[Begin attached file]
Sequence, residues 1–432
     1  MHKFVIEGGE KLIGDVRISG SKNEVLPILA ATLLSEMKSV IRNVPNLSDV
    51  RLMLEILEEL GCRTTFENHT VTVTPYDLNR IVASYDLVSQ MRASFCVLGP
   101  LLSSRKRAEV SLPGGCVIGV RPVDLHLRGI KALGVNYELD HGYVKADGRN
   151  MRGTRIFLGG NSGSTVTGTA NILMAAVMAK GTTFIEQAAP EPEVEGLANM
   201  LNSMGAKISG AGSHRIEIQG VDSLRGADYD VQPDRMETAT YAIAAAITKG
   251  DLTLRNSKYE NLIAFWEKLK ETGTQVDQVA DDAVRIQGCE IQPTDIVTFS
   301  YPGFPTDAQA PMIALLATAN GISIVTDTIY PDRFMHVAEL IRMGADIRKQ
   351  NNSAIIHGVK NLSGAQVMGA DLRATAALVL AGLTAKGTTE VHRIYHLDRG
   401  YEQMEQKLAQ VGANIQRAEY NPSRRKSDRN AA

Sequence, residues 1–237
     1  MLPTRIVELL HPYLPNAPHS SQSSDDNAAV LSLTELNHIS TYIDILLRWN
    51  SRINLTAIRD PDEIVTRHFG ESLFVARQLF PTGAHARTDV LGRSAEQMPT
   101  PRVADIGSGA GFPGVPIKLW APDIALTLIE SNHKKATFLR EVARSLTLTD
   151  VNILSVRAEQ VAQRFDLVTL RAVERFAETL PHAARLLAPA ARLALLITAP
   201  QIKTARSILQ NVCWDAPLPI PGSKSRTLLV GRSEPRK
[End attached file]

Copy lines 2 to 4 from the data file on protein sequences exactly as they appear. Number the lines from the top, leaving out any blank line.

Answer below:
     1  MHKFVIEGGE KLIGDVRISG SKNEVLPILA ATLLSEMKSV IRNVPNLSDV
    51  RLMLEILEEL GCRTTFENHT VTVTPYDLNR IVASYDLVSQ MRASFCVLGP
   101  LLSSRKRAEV SLPGGCVIGV RPVDLHLRGI KALGVNYELD HGYVKADGRN